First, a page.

March 11, 2011 Steve Earle spent decades as a below-the-radar genius with passionate fans but not a lot of literary recognition outside the world of songwriting. In fact, Earle is not only a hit songwriter (for Johnny Cash, Willie Nelson, Emmylou Harris, Waylon Jennings, Travis Tritt, The Pretenders, Joan Baez, and others, including himself; his last three albums won the Grammy for Best Contemporary Folk Album), but also a playwright, author of the short-story collection Doghouse Roses, and a scholar of the work of James Agee. (Earle wrote the introduction for the 2009 re-release of Agee’s A Death in the Family.) But besides music, what Earle is best known for are his marriages (seven), his 1994 prison stint (for drug possession), and his social activism on behalf of American unions and death-row inmates. He has also appeared as a supporting actor on HBO in both The Wire (as Walon) and Treme.
Now Earle is poised for much wider literary recognition, as well: his first novel, I’ll Never Get Out of This World Alive hits shelves on May 12. The book in named for the last song released by Hank Williams, who appears in the novel as a ghost. In a recent feature in The Los Angeles Times, Earle describes the story’s origins:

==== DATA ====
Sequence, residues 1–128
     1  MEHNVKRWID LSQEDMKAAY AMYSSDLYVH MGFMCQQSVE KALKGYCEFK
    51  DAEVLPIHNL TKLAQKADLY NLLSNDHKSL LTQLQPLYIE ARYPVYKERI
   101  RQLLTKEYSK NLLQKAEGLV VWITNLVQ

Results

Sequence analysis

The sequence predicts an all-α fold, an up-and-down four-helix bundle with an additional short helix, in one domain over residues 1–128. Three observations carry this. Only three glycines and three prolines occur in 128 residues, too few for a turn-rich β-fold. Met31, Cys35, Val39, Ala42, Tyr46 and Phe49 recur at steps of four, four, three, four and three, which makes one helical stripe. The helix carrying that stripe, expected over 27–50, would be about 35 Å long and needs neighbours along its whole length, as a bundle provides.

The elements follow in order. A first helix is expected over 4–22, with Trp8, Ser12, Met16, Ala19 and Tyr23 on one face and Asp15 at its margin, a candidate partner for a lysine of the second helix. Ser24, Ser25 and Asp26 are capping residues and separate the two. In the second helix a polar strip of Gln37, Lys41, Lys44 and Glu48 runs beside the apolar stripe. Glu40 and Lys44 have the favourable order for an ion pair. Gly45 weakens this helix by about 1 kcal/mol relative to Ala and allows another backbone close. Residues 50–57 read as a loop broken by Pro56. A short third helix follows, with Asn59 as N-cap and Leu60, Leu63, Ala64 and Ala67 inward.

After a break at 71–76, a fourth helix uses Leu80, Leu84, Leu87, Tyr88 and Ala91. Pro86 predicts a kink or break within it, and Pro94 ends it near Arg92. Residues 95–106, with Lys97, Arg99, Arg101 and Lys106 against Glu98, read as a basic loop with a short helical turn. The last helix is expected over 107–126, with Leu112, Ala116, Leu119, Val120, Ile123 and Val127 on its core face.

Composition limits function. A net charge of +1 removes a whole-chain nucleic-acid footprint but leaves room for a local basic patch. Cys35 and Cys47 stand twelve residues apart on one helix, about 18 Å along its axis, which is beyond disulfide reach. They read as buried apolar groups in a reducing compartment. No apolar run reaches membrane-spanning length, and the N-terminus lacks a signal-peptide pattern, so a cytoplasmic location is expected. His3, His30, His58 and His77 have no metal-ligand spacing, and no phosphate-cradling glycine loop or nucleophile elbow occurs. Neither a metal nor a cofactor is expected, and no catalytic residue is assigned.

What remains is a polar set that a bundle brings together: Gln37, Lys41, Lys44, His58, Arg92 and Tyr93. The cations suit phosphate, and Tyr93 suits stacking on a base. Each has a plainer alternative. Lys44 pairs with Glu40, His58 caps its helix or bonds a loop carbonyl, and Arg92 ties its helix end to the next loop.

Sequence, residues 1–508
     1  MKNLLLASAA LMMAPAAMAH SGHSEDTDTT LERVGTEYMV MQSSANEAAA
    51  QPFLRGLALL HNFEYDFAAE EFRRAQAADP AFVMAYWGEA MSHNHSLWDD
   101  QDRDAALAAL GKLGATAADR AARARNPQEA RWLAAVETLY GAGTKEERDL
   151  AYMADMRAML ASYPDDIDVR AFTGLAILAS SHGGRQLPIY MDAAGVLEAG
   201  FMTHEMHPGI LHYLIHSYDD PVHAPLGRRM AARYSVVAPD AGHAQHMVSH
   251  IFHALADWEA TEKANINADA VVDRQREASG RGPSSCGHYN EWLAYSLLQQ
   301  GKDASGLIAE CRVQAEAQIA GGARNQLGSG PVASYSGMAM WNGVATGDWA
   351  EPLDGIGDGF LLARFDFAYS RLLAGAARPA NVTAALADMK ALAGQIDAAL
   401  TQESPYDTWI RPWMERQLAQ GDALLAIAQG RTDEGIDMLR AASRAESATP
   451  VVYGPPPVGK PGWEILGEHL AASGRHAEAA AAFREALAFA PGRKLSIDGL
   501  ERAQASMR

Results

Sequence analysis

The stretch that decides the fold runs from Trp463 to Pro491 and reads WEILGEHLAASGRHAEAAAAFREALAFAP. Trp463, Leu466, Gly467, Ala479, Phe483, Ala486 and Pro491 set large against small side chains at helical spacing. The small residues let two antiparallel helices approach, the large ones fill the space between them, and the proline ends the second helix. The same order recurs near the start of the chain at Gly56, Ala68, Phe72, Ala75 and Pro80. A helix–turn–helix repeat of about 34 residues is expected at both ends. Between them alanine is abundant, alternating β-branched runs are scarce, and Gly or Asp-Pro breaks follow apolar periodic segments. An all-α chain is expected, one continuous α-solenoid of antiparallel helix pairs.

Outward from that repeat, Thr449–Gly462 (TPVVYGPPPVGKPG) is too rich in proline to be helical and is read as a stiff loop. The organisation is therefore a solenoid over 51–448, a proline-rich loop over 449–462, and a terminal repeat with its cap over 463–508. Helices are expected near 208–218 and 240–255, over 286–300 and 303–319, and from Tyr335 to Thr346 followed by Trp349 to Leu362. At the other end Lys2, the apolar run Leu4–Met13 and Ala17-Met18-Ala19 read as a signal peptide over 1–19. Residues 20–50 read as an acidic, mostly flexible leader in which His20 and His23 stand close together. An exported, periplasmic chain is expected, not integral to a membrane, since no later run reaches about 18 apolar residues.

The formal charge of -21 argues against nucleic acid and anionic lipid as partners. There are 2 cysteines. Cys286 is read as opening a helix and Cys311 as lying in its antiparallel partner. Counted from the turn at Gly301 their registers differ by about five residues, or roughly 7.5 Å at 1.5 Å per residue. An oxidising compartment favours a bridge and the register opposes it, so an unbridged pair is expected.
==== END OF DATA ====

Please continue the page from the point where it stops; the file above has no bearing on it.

“I’d always heard that there was a doctor traveling with Hank when he died. When I buckled down, I discovered that Hank had been seeing a guy named Toby Marshall, who was not a doctor; he was a quack who claimed to be able to cure alcoholism with chloral hydrate. But I thought it would be more interesting if my character was a real doctor, so I went with that.”
The story follows this tormented, guilt-wracked doctor, a heroine addict, to San Antonio’s red-light district, where he performs abortions but also encounters a Mexican girl named Graciela, who has healing powers. “Hank’s ghost was there from the beginning,” Earle told the Times, “but I was not planning to have so many spirits. I wasn’t expecting the magical realism. The theme that shocked me was all these people seeing things.”
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